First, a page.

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Cost-push inflation
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Cost-push inflation is a type of inflation caused by substantial increases in the cost of important goods or services where no suitable alternative is available. Higher prices are then the result, as costs of production increases due to a decreased aggregate supply. It stands in contrast to demand-pull inflation. Both accounts of inflation have at various times been put forward with oftentimes inconclusive evidence as to which explanation is superior.[1] A situation that has been often cited of this was the oil crisis of the 1970s, which some economists see as a major cause of the inflation experienced in the Western world in that decade. It is argued that this inflation resulted from increases in the cost of petroleum imposed by the member states of OPEC. Since petroleum is so important to industrialized economies, a large increase in its price can lead to the increase in the price of most products, raising the price level. Some economists argue that such a change in the price level can raise the inflation rate over longer periods, due to adaptive expectations and the price/wage spiral, so that a supply shock can have persistent effects.[2]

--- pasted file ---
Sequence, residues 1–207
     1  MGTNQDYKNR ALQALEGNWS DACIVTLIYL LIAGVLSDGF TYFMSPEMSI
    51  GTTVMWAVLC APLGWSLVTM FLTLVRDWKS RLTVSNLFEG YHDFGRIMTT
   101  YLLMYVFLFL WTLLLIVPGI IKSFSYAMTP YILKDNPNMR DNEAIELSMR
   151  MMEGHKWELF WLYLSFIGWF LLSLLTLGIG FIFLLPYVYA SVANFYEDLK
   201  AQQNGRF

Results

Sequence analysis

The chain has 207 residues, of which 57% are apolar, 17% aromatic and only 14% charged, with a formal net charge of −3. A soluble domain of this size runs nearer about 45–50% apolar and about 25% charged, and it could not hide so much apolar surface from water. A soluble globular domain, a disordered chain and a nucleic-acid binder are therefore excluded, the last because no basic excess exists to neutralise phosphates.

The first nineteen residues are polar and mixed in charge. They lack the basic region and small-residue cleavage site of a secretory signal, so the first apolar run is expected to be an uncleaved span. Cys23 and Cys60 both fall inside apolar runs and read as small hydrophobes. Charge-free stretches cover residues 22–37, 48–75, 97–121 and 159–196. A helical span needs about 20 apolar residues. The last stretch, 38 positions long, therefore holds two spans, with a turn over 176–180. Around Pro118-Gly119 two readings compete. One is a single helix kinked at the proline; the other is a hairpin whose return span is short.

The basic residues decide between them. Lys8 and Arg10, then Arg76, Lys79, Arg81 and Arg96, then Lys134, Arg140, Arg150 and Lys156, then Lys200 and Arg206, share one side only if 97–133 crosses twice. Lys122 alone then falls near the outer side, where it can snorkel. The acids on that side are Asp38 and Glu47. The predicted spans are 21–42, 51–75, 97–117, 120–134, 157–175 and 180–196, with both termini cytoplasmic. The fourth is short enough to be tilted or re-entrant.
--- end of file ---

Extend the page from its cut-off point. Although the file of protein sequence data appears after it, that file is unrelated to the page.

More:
Aggregate supply – aggregate demand model illustration of aggregate supply (AS) shifting to AS' and causing price level to increase while output shrinks
See also
References
  1. ^ Samuelson, Paul A.; Solow, Robert M. (1960). "Analytical Aspects of Anti-Inflation Policy". 50 (2): 177–194.
  2. ^ Kenton, Will. "Cost-Push Inflation". Investopedia. Retrieved 2019-02-25.
Last edited on 19 May 2020, at 10:22
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